Mardy Fish faced down heart problems and crippling anxiety attacks but in the end it was a humble spot of cramping which brought his career to an end Wednesday.
The 33-year-old American, who has played just a handful of tournaments in the last three years and seen his ranking slip to 581, had already said that this US Open, his 13th, would be his last event.
But at one stage Wednesday, it appeared he wasn’t going to go quietly as he served for the match at 5-4 in the fourth set against Spain’s Feliciano Lopez.
But he was then broken to love by the 18th-seeded left-hander, also of the veteran vintage at 33.
Lopez saved two break points in the seventh game in the decider when a suddenly stricken Fish started cramping, which reduced him to walking pace.
He was subsequently broken and Lopez comfortably served out for the victory, despite a fan’s desperate shout of ‘You’ve got this Mardy.’
“He was the better player and deserved to win this match. I was very lucky,” said Lopez after the 3hr 11min second round Louis Armstrong Stadium encounter, which he won 2-6, 6-3, 1-6, 7-5, 6-3.
“It’s very sad what has happened to him with his illness in recent years. We played many times and he was often the better player.”
Fish once reached No 7 in the world, won six career titles and made the quarterfinals three times at the majors, including the 2008 US Open.
But in 2012, his world imploded.
In May that year, he underwent a procedure to correct a heartbeat irregularity.
Then, at the US Open, where he was the 23rd seed, he was set to face Roger Federer in the fourth round but stunned the tournament by withdrawing for “health reasons.”
It was then that Fish realised he was dealing with a problem which affects millions of people around the world.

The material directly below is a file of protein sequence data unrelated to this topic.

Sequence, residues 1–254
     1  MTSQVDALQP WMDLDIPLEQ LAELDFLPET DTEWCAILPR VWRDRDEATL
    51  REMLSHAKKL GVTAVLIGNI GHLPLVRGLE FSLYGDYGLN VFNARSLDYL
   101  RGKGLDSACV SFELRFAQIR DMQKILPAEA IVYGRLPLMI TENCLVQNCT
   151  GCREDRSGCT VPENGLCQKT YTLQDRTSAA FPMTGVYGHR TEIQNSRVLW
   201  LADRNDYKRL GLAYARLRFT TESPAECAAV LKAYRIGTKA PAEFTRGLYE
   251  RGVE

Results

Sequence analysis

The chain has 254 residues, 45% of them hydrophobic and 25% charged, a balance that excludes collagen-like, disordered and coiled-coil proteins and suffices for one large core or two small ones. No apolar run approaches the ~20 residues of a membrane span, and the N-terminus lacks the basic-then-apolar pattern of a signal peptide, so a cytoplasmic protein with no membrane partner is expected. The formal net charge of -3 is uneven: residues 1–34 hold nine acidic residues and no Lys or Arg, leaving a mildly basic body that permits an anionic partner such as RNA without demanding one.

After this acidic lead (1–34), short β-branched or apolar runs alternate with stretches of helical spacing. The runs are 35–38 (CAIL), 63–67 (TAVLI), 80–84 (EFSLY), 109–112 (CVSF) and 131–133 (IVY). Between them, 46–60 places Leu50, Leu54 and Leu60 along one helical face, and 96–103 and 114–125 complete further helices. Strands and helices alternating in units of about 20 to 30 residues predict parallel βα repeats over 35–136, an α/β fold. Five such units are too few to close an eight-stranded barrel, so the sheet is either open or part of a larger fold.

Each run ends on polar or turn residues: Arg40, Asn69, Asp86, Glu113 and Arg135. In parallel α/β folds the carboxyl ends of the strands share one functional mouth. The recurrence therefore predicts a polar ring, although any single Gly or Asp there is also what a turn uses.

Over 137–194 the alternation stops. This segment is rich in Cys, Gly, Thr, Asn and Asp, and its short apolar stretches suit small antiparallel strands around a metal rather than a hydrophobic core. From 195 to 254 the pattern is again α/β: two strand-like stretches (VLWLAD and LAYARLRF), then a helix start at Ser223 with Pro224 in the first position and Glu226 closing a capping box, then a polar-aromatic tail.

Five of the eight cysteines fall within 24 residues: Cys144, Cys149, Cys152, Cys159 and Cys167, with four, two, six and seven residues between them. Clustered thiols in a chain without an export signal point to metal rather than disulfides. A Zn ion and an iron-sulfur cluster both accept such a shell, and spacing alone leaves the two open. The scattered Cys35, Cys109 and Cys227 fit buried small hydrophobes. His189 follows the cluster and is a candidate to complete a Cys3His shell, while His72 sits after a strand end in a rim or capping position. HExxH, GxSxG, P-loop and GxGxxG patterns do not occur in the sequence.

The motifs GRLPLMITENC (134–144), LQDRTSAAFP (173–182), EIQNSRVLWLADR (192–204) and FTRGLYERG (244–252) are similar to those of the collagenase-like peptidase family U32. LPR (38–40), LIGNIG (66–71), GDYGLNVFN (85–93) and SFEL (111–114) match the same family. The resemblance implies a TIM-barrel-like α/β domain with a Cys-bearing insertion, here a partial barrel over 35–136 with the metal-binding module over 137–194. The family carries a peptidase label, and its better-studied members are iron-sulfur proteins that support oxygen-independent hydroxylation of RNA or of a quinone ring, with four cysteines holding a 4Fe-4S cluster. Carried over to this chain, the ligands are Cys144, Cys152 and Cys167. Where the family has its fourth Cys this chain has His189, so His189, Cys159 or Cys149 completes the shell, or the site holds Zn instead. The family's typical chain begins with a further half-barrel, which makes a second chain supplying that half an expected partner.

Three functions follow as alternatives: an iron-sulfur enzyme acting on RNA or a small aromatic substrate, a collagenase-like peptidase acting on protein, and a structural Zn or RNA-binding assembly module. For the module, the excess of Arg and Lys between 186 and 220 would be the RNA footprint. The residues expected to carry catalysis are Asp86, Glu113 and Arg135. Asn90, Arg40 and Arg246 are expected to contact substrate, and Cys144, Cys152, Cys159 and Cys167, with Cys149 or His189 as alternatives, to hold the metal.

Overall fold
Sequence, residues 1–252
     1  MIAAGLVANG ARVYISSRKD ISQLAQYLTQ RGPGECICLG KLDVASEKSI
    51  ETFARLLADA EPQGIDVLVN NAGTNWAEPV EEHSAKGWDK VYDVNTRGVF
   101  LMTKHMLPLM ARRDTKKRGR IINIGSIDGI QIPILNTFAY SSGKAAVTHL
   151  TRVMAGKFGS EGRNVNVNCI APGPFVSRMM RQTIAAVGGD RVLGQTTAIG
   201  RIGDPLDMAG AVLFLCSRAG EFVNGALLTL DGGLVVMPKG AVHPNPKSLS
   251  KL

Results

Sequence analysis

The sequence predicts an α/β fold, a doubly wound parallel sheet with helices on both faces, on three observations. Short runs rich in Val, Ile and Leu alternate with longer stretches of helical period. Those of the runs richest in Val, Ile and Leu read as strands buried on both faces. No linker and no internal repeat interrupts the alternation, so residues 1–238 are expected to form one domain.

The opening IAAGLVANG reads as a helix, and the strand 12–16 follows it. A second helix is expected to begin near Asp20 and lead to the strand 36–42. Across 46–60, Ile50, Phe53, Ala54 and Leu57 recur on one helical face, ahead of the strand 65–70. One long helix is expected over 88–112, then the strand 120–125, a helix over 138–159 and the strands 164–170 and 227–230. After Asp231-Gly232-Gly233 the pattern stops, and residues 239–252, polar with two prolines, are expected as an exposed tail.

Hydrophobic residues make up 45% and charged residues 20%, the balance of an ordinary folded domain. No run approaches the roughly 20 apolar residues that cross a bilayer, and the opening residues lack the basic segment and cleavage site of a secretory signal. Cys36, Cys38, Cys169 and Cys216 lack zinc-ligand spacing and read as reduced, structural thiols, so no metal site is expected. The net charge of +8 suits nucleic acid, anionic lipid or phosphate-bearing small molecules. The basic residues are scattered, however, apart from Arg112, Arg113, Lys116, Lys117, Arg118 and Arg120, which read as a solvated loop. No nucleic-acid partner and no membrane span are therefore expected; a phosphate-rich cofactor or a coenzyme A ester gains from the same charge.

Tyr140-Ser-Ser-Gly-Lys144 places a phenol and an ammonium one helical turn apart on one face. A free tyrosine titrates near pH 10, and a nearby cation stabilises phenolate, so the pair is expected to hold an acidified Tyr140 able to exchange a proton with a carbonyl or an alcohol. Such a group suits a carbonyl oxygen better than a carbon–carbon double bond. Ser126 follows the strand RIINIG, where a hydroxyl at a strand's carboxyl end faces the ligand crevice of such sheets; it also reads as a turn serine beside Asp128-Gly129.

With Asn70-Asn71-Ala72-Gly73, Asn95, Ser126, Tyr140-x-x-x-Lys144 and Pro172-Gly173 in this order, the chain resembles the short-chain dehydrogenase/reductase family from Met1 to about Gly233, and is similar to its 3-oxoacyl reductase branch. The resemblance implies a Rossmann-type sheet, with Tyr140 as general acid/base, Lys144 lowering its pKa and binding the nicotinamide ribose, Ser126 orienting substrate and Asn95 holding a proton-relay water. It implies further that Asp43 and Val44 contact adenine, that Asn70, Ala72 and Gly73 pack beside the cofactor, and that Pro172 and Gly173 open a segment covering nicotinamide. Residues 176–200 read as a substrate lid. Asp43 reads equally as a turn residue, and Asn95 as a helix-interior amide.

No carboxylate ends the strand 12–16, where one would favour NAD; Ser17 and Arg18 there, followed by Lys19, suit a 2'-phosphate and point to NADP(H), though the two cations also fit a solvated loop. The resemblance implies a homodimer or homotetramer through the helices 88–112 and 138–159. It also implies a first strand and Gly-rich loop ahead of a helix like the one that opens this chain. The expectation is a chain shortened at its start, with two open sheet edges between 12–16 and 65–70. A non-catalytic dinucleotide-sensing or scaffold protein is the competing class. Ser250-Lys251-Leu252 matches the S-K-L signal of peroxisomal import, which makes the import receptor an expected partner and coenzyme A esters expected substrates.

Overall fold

He suffered another anxiety attack sitting on the plane which was to carry him home to Los Angeles as it taxied on the runway.
Fish had to disembark and pay $20 000 to hire a private jet to take him out of New York.
The Anxiety Disorders Association of America estimates that 3.3 million Americans over the age of 18 – around 1.5 per cent of the population – suffer from the disorder every year.
The condition decimated Fish’s career.
This year’s US Open was his first since that 2012 pullout.
He played just five events in 2013, none at all in 2014 and this year featured in only three tournaments, all in the United States.
“@MardyFish hell of an effort my friend… I couldn’t be prouder ….. Time for that margarita,” tweeted compatriot and former world No 1 Andy Roddick.
Fish had admitted after his first round win over Italy’s Marco Cecchinato that he was still battling anxiety.
“It’s still a constant battle day to day,” said Fish.
“This tournament is where it all came crashing down and where I have my worst feelings of my whole life was here.”
Fish said he was desperate to help fellow sufferers in general as well as other tennis players.
“There are tens of millions of Americans that deal with it on a daily basis. There’s a ton of guys in the locker room I’m sure that have trouble with it from whatever level it is,” he explained.
“I have spoken to some male and female players about it privately. Maybe they are just not comfortable, you know, right here with cameras on them talking about it.
“But I’m to the point now where, yes, it helped me and it helps me to talk about it. It used to help me a ton to talk about it. Now I’ve gotten to the point where I want to share my story so I can help.”